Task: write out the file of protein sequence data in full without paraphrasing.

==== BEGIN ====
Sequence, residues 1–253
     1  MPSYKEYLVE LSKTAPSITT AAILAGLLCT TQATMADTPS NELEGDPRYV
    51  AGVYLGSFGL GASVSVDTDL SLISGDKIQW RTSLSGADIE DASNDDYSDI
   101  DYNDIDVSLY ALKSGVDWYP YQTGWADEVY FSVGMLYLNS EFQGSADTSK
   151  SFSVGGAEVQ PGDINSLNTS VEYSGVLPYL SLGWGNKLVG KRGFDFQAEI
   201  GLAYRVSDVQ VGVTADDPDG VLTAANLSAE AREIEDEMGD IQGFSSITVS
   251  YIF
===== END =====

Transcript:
Sequence, residues 1–253
     1  MPSYKEYLVE LSKTAPSITT AAILAGLLCT TQATMADTPS NELEGDPRYV
    51  AGVYLGSFGL GASVSVDTDL SLISGDKIQW RTSLSGADIE DASNDDYSDI
   101  DYNDIDVSLY ALKSGVDWYP YQTGWADEVY FSVGMLYLNS EFQGSADTSK
   151  SFSVGGAEVQ PGDINSLNTS VEYSGVLPYL SLGWGNKLVG KRGFDFQAEI
   201  GLAYRVSDVQ VGVTADDPDG VLTAANLSAE AREIEDEMGD IQGFSSITVS
   251  YIF